The first recorded occurrence of this fly in the Americas makes some references to samples observed in persimmons in Santa Isabel, São Paulo. The poliphagy and relatively short lifetime of this Drosophilidae in an extremely hot environment have contributed to its dispersion throughout Brazil (Vilela et al., 1999). As a sample consequence, a 50% loss in fig production was recorded in the State of São Paulo (Vilela et al., 1999, 2001).

The Pteromalidae is distributed virtually worldwide and it is one of the largest families of Chalcidoidea, containing over 3000 recognized species belonged to nearly 600 genera. The Pteromalidae hosts are diversified members of many other Insecta orders such as Hemiptera, Neuroptera, Coleoptera, Lepidoptera, Diptera, Siphonaptera, Hymenoptera, Dermaptera, and Homoptera. They attack eggs, larvae, pupae, and, more rarely, adults. It seems that the main contribution of pteromalids is their control over muscoid flies, especially the housefly and the stable fly (Hanson & Gauld, 1995).

Spalangia endius (Walker) (Hymenoptera: Pteromalidae) is considered a solitary parasitoid containing a great number of Diptera in the families Anthomyiidae, Calliphoridae, Muscidae, Sarcophagidae, and Tephritidae (Hanson & Gauld, 1995). This article reports the occurrence of the parasitoid Spalangia endius parasitizing Zaprionus indianus.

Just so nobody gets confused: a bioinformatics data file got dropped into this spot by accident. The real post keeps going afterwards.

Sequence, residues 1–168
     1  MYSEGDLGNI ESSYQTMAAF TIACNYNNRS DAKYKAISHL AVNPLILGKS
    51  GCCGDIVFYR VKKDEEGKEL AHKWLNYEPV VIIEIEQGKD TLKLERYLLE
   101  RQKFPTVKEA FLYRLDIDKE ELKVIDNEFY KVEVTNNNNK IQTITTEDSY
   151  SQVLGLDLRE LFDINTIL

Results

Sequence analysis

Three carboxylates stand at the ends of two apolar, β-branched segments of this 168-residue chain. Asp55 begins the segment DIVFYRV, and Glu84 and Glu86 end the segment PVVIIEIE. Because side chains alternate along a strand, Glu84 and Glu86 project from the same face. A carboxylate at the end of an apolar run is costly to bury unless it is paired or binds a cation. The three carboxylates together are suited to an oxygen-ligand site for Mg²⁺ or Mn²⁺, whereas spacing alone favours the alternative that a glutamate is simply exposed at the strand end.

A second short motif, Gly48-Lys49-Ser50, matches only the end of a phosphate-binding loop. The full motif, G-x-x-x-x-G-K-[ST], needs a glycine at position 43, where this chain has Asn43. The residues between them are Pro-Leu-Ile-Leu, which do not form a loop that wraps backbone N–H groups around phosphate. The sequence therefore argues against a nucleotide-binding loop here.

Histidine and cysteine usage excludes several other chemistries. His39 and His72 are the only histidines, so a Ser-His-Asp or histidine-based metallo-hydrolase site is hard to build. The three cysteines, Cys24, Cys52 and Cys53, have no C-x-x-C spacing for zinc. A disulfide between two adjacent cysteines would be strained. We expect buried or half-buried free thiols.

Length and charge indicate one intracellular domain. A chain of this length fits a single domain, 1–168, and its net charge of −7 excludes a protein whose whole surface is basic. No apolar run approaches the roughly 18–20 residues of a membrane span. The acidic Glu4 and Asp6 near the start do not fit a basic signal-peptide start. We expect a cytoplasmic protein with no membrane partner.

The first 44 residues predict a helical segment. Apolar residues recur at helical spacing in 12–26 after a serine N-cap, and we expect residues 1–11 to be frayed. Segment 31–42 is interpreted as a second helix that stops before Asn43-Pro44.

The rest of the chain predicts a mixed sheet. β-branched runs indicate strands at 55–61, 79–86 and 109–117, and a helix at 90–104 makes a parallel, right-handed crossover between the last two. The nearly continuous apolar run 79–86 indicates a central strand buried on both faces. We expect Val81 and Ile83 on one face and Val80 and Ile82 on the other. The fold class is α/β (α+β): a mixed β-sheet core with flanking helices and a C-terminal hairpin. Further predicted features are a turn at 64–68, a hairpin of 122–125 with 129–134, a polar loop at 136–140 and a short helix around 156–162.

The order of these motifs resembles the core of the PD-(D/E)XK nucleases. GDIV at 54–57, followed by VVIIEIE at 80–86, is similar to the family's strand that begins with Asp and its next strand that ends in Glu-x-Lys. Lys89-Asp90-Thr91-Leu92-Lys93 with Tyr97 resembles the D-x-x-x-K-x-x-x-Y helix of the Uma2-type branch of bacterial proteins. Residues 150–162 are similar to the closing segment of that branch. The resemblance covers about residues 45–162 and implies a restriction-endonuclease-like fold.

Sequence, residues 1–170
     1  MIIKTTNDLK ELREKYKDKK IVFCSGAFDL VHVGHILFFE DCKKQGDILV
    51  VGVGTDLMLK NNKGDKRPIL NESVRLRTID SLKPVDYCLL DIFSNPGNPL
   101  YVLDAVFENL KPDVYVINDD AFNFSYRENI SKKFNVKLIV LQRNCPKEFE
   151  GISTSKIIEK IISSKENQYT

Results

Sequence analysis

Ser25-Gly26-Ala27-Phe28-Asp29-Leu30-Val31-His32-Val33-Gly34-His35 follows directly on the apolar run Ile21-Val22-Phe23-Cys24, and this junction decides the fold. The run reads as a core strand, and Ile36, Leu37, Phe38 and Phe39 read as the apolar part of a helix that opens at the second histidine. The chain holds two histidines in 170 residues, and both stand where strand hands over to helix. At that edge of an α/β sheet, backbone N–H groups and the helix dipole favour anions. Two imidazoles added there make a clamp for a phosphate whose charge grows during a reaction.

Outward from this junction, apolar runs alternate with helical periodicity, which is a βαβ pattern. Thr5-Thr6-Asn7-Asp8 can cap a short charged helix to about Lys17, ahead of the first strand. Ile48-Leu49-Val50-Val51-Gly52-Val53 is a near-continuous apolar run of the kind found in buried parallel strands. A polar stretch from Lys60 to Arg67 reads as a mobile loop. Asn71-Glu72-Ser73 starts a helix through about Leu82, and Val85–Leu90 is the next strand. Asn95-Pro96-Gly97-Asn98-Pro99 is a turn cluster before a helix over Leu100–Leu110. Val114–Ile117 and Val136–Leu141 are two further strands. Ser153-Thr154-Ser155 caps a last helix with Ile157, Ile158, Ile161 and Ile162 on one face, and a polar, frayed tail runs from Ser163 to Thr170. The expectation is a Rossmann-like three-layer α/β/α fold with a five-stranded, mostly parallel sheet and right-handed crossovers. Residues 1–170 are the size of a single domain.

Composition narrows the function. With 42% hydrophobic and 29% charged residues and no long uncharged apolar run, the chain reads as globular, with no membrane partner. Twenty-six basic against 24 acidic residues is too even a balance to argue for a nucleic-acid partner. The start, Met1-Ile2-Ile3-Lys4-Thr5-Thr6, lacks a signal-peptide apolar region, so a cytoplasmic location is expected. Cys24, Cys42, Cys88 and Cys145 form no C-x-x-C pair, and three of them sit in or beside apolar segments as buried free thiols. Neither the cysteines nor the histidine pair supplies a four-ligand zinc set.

The study was conducted at the University of Lavras, in Lavras, the State of Minas Gerais (21°14' 43"S; 44°59'59"W), from November to December, 2001. Flies were attracted to traps made of dull black tin cans, measuring 19 cm in height and 9 cm in diameter, with two venetian-blind type openings in the lower third to allow insect entry. On the upper part of the cans open-ended nylon funnels with their bases turned down were attached. These traps were then wrapped with plastic bags, which after removal would allow the capture of flies and parasitoids. Fruit deposited on the soil was used as bait inside the cans. Five of these traps were suspended on Eucalyptus sp. trees at 1 m above the soil level, 2 m apart from each other, and 50 m away from a domestic garbage deposit. The specimens collected were taken to the laboratory, sacrificed with ethyl ether, and preserved in 70% ethanol for further identification. After insect retrieval, trap contents were placed in plastic containers containing a layer of sand as substrate for the larvae population. After 15 days in the field, the sand of these containers was sifted for extraction of pupae from a therefore natural environment. These pupae were than individually transferred to gelatin capsules (number 00) to obtain flies and/or parasitoids.